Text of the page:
Frame from 2018 Honda Clarity Plug-In Hybrid "Beyond the Battery" ad
I’ve owned two Chevrolet Volts, an early 2011 model and, currently, a second-generation 2017 version. I have loved them both.
They’re sleek, sprightly, and have enough electric range to cover most driving. For longer trips, the gas engine kicks in when the charge runs out. The Volt, to me, is the perfect compromise between electric and gas, traditional and cutting-edge—and the car I almost always recommend when people ask me what electric-car they should buy.
Three features set the Volt apart from—and in my opinion way above—other plug-in hybrids such as the Toyota Prius Prime and Ford Fusion Energi.
First, the Volt has a much bigger battery—18.4 kwh, good for an EPA-rated range of 53 miles. Other plug-in hybrids have smaller batteries that typically limit electric range to around 20 miles—and in the case of the early Prius plug-ins, a pitiful 11 miles.
Second, the Volt has a much bigger electric motor—149 horsepower and 298 foot-pounds of torque. That torque number is more than double the electric oomph of the Prius Prime and Fusion Energy.
And third, the Volt uses a (mostly) series-hybrid powertrain. That means the electric motor drives the wheels virtually all the time. When the battery runs out, the Volt’s gas engine kicks in as a generator and keeps the battery charged up to power the electric motor.
As a result, the Volt driver always enjoys that sublime electric torque, even in gas mode.
The parallel drivetrains of other plug-in hybrids work differently.
In general, the gas engine and a small electric motor trade off or pair up as necessary to drive the wheels. The electric motor can typically handle gentle acceleration and moderate speeds by itself, but when more power is needed, the gas engine jumps in to help drive the wheels—even with a full battery charge.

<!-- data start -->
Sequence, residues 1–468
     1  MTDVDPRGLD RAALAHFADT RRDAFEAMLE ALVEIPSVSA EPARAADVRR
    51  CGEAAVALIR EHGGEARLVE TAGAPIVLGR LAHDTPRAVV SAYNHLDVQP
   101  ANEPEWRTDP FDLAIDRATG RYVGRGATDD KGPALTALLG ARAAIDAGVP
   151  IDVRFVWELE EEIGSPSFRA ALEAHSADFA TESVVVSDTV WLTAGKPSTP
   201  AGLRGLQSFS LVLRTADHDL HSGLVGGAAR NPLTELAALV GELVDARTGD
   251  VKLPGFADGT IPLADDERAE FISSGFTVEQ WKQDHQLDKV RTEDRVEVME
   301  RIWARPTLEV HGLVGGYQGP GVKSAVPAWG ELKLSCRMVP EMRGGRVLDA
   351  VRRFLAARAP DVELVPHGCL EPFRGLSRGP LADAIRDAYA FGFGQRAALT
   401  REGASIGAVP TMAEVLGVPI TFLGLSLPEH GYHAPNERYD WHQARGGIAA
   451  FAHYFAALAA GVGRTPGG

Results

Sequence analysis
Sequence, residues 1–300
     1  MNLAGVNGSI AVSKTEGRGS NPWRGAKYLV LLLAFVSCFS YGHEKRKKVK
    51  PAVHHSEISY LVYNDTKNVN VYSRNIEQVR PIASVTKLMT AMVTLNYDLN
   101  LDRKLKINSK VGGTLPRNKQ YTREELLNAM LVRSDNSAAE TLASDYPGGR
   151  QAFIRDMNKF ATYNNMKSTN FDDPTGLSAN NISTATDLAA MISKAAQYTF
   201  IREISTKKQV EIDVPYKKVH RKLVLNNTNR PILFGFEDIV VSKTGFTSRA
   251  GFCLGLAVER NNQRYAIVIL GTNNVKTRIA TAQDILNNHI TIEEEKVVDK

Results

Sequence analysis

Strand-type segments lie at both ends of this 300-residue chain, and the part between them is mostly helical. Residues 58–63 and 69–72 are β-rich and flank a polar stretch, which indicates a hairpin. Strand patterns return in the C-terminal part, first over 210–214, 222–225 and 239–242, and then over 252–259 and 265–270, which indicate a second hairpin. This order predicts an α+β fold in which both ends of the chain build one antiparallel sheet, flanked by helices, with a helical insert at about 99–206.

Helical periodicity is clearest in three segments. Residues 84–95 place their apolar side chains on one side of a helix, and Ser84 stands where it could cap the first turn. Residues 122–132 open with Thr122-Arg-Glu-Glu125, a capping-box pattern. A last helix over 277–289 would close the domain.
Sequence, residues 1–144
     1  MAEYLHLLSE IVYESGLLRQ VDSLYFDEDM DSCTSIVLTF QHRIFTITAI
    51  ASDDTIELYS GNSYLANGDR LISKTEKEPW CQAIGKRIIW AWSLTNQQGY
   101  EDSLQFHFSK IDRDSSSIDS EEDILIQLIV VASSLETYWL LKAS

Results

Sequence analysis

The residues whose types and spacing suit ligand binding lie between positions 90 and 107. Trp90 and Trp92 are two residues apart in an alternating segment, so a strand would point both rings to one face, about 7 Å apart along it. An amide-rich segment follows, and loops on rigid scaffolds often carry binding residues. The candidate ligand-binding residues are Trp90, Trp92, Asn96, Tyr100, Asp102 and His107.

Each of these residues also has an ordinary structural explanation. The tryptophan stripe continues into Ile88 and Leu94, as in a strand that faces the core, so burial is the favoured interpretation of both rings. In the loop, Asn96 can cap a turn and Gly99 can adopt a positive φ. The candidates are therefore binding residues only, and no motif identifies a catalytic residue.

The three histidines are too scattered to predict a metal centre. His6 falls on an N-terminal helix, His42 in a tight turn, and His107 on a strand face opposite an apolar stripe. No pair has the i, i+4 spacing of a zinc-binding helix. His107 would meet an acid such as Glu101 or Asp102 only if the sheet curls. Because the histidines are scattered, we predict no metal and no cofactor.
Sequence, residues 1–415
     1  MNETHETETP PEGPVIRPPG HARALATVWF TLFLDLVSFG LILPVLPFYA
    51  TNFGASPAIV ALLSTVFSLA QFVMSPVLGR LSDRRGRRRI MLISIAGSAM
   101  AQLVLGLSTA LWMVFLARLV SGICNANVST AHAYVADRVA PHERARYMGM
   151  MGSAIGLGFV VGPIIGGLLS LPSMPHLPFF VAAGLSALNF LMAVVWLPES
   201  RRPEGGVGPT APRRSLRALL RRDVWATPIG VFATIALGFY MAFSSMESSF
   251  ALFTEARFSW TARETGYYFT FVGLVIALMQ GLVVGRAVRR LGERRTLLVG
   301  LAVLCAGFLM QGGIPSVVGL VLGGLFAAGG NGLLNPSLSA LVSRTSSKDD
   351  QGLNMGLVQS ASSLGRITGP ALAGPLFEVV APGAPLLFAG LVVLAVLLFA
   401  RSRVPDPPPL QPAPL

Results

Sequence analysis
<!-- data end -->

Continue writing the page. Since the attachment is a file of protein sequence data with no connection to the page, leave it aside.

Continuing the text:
2017 Toyota Prius Prime and 2017 Chevrolet Volt with Green Car Reports editor John Voelcker
Short range, little torque, burning gas even when the battery is fully charged—why would anyone put up with these shortcomings when they could buy a Volt?
It's always puzzled me that, even after the Volt pioneered the long-range series-hybrid way back in 2011, no one else followed
Enter the Clarity
Finally, in 2018 the Volt gained a true rival—a series hybrid with a big battery and a big electric motor. And with the reputation and marketing power of Honda behind it, the 2018 Clarity Plug-in Hybrid has the potential to be a star player on the electric-car scene.
The two cars’ numbers are very similar.
The Clarity Plug-in Hybrid has an EPA electric range of 48 miles, just shy of the Volt’s 53.
2018 Honda Clarity Plug-In Hybrid drive, Napa Valley, Caifornia, Dec 2017
In gas mode, both the Clarity Plug-in Hybrid and the Volt get 42 mpg overall.
The Clarity Plug-in Hybrid has a bit more electric power than the Volt (181 vs 149 hp) but less electric torque (232 lb-ft vs 298).
Their prices are very similar: a base price including destination of $34,295 for the Clarity Plug-in Hybrid, $34,095 for the Volt.
On paper, the Clarity Plug-in Hybrid and Volt really diverge in only two major areas: size and body style. The Clarity is classified as a mid-size sedan, the Volt a compact hatchback.
Numbers aside, I was eager to test-drive a Clarity Plug-in Hybrid and to see if my beloved Volt was about to be dethroned as "King of the Plug-In Hybrids."
I headed to my local Honda dealer to drive the Clarity.
Not a great way to do a thorough evaluation, to be sure. But it would let me get a basic feel for the car—as well as a chance to see if mainstream dealers are starting to move beyond ignoring electric cars, which I’ve seen so often in the past.
So I told the dealer I was checking out the Clarity as a possible alternative to my Volt when my lease expired.